The Zuurveld hasn’t felt the full extent of the drought yet, but farmers in this part of the Eastern Cape will be selling off masses of stock in the next few weeks unless it rains very soon. That’s the prediction of Paul Hobson, a partner in livestock sales specialists Hobson & Co.
Impacting on farmers right now is ban on imports of meat from South Africa by neighbouring countries as a results of the foot and mouth outbreak in Limpopo. “That’s had a knock-on effect in that the big feedlots aren’t buying our calves,” Hobson said.
The danger of local livestock being infected by foot and mouth was next to nil, Hobson said, given the strict controls and how far the affected area is from the Eastern Cape. “It’s the blanket ban that’s hitting us.”
Because of the risk of introducing and spreading diseases and parasites during international trade, countries including South Africa have restrictions on animal imports. The international Organisation for Animal health (OIE) gives official recognition for countries or zones free from Rinderpest, Contagious Bovine Pleuropneumonia (CBPP), Bovine Spongiform Encephalopathy (BSE) and Foot and Mouth Disease (FMD).
South Africa FMD-free status is crucial for foreign exchange earnings, job creation, focal economic development, food chain development and keeping rural areas optimally utilised for various agricultural activities and game farming, our country’s policy on the disease states.
Neighbouring countries Namibia, Botswana, Swaziland, Mozambique and Zimbabwe this month banned the import of meat from South Africa. The country temporarily lost its FMD-free status when two animals in Limpopo tested positive for the disease at the beginning of the year.
The Red Meat Producers Organisation (RPO) in a statement on 18 January said, “The animals have been found just outside the controlled area in the northern part of Limpopo. These two animals have effectively ended South Africa’s FMD free zone status and there is no indication of the disease occurring in any other part of the country.”
The Department of Agriculture, Fisheries and Forestry (DAFF) this week announced strict control measures and said it was working with industries to motivate the resumption of trade in safe products. The Department says controls include that no live cloven hooved animals may be moved within the area affected by foot and mouth disease (FMD) in Vhembe District.
The RPO’s Koos van der Ryst said the control of FMD was critical between countries which are producers of livestock.
“FMD is an exclusively animal disease and it has no impact on human health,” he emphasised.
“If the process of containing the disease is successful, South Africa may be able to retrieve its FMD free zone status within a year.”
The FMD outbreak comes at a time when the industry is suffering from a countrywide drought, the RPO noted. Not only had feed and maize prices escalated but the consumer’s purchasing power was also under pressure.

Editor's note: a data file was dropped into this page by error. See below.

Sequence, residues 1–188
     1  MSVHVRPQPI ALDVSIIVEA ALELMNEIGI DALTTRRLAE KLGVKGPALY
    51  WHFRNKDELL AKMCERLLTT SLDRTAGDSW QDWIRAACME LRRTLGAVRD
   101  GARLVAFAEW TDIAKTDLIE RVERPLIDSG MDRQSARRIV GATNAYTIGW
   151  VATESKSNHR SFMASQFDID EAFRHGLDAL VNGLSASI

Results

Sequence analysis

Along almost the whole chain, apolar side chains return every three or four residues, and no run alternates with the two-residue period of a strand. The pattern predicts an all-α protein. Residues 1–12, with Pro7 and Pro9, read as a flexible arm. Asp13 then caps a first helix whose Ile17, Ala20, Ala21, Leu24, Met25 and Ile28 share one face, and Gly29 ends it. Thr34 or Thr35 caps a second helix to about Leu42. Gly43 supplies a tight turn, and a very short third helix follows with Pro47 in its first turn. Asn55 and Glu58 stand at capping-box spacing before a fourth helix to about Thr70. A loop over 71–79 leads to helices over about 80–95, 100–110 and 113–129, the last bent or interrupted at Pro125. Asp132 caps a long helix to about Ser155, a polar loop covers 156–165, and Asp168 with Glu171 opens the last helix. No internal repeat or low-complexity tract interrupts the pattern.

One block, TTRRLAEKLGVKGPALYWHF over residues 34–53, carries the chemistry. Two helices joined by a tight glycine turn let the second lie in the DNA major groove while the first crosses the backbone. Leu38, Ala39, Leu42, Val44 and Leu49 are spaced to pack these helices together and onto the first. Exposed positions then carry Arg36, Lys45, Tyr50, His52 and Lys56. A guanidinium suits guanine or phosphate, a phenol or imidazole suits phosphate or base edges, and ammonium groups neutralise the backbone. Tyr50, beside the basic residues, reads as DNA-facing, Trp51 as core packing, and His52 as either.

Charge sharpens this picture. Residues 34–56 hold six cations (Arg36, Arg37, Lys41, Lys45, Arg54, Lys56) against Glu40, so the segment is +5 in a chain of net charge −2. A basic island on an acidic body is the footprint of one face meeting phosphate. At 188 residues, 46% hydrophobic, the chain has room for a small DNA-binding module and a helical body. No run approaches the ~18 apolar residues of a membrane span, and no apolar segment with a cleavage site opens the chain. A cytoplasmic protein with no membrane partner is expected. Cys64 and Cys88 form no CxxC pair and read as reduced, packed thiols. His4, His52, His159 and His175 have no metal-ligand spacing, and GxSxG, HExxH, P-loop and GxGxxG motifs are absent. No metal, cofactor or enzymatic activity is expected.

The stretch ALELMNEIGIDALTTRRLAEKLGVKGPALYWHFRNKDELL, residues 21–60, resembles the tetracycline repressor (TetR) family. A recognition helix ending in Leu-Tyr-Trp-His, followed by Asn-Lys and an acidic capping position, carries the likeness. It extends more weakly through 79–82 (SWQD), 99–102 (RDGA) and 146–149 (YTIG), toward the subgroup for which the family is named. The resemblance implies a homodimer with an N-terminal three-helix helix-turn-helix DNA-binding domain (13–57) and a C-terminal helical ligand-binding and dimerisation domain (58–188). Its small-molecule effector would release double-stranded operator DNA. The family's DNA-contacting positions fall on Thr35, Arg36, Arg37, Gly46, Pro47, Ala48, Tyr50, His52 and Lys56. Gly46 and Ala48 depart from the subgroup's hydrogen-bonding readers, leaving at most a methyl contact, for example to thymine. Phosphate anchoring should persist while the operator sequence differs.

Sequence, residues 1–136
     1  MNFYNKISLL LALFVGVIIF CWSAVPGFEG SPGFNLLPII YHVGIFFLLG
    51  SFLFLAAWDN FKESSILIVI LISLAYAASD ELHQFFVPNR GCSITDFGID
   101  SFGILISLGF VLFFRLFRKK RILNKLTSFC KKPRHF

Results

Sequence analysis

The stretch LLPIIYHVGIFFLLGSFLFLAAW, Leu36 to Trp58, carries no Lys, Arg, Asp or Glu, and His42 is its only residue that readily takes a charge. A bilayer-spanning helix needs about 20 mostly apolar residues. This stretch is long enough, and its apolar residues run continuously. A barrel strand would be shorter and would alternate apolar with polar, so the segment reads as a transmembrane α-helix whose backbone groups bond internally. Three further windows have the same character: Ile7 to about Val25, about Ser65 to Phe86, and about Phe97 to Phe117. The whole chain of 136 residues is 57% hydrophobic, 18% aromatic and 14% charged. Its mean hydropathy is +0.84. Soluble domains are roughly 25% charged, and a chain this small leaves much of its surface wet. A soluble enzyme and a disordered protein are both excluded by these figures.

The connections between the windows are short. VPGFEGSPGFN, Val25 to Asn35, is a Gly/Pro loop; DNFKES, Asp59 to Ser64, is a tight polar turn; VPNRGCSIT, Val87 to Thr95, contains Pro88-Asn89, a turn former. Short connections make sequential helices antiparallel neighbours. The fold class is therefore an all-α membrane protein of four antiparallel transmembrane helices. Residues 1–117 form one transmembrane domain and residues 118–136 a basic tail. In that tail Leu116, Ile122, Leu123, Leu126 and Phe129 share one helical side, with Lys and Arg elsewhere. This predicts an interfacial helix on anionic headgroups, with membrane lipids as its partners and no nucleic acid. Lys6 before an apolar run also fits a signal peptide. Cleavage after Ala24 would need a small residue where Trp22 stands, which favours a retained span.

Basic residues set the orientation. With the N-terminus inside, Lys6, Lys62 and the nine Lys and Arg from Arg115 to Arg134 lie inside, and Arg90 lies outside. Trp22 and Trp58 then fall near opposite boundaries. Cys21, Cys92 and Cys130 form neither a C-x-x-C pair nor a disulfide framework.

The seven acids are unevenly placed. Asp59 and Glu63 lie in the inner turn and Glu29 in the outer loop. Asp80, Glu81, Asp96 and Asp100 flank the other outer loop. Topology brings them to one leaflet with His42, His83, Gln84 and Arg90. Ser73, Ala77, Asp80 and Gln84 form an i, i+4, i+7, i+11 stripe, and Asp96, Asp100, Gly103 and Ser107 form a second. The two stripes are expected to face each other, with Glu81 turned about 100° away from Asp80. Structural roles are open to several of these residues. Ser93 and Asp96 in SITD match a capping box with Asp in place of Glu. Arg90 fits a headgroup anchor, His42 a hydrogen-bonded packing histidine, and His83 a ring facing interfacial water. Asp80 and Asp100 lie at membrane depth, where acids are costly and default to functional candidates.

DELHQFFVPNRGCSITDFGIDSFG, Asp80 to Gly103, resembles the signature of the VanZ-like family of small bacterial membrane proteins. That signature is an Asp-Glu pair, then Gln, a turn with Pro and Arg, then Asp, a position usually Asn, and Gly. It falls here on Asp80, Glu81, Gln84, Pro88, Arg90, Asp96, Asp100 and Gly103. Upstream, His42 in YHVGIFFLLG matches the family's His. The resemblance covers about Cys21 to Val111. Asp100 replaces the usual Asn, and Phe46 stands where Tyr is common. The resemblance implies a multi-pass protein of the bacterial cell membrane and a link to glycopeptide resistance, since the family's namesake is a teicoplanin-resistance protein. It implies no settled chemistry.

“This is in the midst of a herd rebuilding phase after the 2016 drought. All these factors put the producers’ cash flow and financial survival under pressure,” the RPO said, emphasising that everything must be done to retrieve South Arica’s FMD-free status.
“All indications point to the fact that the most of South Africa’s trade partners are not going to accept meat imports from the country. Accordingly, we must accept that the estimated 4.02% beef and 0.69% sheep meat ear-marked for exports will be taken up in the local market. This may result in consumer prices moving sideways and even downwards. This scenario will obviously be catastrophic for producers who are already under financial pressure.”
Full effect yet to come
On the local front, Hobson believes the full effect of the drought is yet to come.
“There is still a demand for animals,” Hobson said. “We’re not really over the last drought, so we’re in an undersupply situation.”
At the company’s sale in Grahamstown on 17 January, 591 sheep and goats and 273 cattle were on offer. “Prices were very good, considering the crash in the market for weaners,” the company reported on their website. Good quality slaughter cattle had achieved R20-plus and store cows averaged around R17.50.
Hobson said they were pleasantly surprised at prices achieved at their first sale of the year – “so we have hope”.
“We’ve come through a very exciting year,” he said. “We’ve made huge strides in getting new farmers, particularly from across the Fish River. They’re supporting our sales well. Up to 50% of our stock is small farmers.
Currently, farmers are stocking up on breeding stock of cattle and sheep, Hobson told Grocott’s Mail. “When there’s no demand is when we’ll know the drought has really struck.”
What he has observed is an increase in lending and asking for advances. “Agriculture is at a critical point at this stage.”
The relief farmers might enjoy from regional exports had been stymied by the Limpopo foot and mouth outbreak.
“Foot and mouth has closed our borders, so the window of opportunity to export into the rest of Africa has closed again.
“Looking from the outside in, it’s a very negative mood out there,” Hobson said. “We can’t do anything about the drought though: we can only manage it as best as we can.”
They were not in a state of oversupply – “but we are expecting an avalanche of sales in the next few weeks if it doesn’t rain almost immediately”.